A classic Godet-Egli-Vincent café racer, ridden by David Lancaster [David Lancaster]
The 500cc Egli-framed racer was another example of his adept engineering. I think it was in 2013 that Patrick showed us an incomplete prototype motor and talked about his hopes for it in classic racing. Barely a year later, it had all come together, with the bike putting up impressive performances against Manx Nortons and the like.

We are all so sad to lose him. Patrick was one of those rare people with the enthusiasm to enhance other peoples’ lives – ‘a true keeper of the flame’, a passionate and skillful designer and engineer, and a lovely guy.

A crossing of the Alps with Vincent enthusiasts Fritz Egli, David and Tom Lancaster, and Stéphane Membre. [David Lancaster]
Tom Lancaster:

‘Small Library Burns Down In Normandy

Patrick Godet became friends with my parents in the early ’70s, although in terms of age he was closer to my brother and me. He stayed with us often in London usually to attend Vincent Owners’ Club (VOC) events. I remember teaching him to play cricket as a youngster. He would always remind me of this. Patrick’s mind was a ‘sponge’ for anything Vincent-related even then, picking the brains of survivors such as Phil Irving, Eddie Stevens, PCV himself, even Rollie Free at the North American Rally in ’77. He returned home to set up the Section de France and unearthed the original French importer of the marque. Patrick grilled M.Garron about any remaining bikes or parts that he knew of.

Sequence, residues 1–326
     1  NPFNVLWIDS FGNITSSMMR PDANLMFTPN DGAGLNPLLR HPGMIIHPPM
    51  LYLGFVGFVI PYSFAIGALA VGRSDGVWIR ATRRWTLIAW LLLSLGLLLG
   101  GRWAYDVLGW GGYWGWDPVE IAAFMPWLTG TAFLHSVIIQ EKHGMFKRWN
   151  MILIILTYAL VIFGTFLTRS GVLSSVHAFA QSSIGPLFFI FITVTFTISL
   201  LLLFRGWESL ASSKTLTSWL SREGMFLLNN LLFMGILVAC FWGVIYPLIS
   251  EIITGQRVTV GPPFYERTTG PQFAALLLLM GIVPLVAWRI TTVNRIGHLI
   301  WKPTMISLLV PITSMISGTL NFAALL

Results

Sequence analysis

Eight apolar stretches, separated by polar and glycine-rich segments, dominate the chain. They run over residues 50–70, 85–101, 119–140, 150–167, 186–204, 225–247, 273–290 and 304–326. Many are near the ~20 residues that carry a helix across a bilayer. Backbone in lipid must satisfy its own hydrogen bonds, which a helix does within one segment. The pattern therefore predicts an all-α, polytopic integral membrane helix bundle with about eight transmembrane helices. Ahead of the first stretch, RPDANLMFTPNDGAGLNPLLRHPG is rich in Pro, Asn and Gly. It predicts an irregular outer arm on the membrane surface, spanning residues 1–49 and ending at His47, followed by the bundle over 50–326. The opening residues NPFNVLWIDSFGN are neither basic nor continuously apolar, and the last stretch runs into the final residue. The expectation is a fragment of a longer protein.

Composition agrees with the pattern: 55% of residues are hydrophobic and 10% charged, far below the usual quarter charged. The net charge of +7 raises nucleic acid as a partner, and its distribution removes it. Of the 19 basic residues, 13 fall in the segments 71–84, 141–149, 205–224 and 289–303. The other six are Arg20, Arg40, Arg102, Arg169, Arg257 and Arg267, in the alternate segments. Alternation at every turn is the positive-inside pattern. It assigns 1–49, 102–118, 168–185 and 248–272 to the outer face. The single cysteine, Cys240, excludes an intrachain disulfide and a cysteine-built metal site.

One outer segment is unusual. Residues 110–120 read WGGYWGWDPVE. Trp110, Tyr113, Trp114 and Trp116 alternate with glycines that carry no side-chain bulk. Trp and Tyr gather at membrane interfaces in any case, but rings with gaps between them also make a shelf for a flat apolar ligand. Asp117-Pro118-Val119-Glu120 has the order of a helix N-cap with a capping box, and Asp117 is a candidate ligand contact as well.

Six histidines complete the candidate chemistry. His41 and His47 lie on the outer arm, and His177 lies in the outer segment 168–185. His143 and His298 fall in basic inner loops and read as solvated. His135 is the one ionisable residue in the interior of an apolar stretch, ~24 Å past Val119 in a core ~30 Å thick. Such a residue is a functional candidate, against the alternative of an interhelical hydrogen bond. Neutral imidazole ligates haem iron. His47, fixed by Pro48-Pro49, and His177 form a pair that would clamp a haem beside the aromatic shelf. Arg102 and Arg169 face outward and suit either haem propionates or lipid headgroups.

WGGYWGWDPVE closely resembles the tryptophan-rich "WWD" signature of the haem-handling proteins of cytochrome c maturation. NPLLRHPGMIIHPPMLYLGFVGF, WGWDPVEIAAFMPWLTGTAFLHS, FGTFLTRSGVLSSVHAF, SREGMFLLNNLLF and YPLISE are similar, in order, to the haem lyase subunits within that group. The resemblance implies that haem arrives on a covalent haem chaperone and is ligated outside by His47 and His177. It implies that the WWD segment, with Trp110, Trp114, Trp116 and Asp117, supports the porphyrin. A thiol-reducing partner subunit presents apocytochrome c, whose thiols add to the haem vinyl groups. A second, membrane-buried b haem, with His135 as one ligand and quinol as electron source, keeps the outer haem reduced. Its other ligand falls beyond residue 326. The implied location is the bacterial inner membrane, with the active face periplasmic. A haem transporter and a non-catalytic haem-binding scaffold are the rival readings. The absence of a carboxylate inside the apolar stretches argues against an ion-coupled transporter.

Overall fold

A road-going Vincent Black Lightning replica with ‘Montlhéry’ long-distance fuel tank, all built by Godet, at the Montlhéry Autodrome [Bernard Testamale]

Dad and I rode to Patrick’s first French Section Rally. His family in Normandy seemed rather grand with a chateau and a haulage firm to pay for it. His brother was a fine artist in oils I recall. By the mid ’80s, I was working for Mark Williams of Bike magazine fame. Patrick was racing then and converting old Comets to Grey Flash spec (somewhat controversially). Editor Rick Kemp and I covered all this happily as Godet and his projects were always good copy. Patrick’s step-son was staying with me in London and Patrick came to visit us in a client’s Aston Martin DB6. So things were going smoothly.

Patrick Godet entertaining the troops at a French Vincent rally (his business partner Florent Pagny is behind, hoisting his wine glass). [Sandra Gillard]

There was some sadness in Patrick’s personal life, although he lived what always seemed the most enviable and worldly bachelor lifestyle. He was a product of les trente glorieuses and it may be that a sense of entitlement was part of the configuration, but his charm and seeming innocence remained effortless and natural. He could light up a pub, bikers’ beer tent or any haute brasserie. That changed after Sylvie died three years ago. Patrick was devastated. But he remained unfailingly kind and hospitable to me and my family. It felt like he would always be there for advice and a chat. A ride through Rouen will not be the same without stopping for lunch with Patrick. I can’t tell you how much I will miss him.

An original Vincent crate from the 1950s decorated Godet’s workshop office [Andrew Nahum]

In 1991 Argentina lifted restrictions on the export of its ‘national treasures’. These included some 800 Vincent HRDs imported from 1946 to 1950 when the going was good there (not so good in England). The first production Lightning, first Series C Shadow and other glories were said to be among them. Most, in fact, were destined for the Federal Police and Peron’s Presidential Guard, plus a few ”playboys” who would ”tit up and down the Avenida 9 de Julio” (my translation, from memory).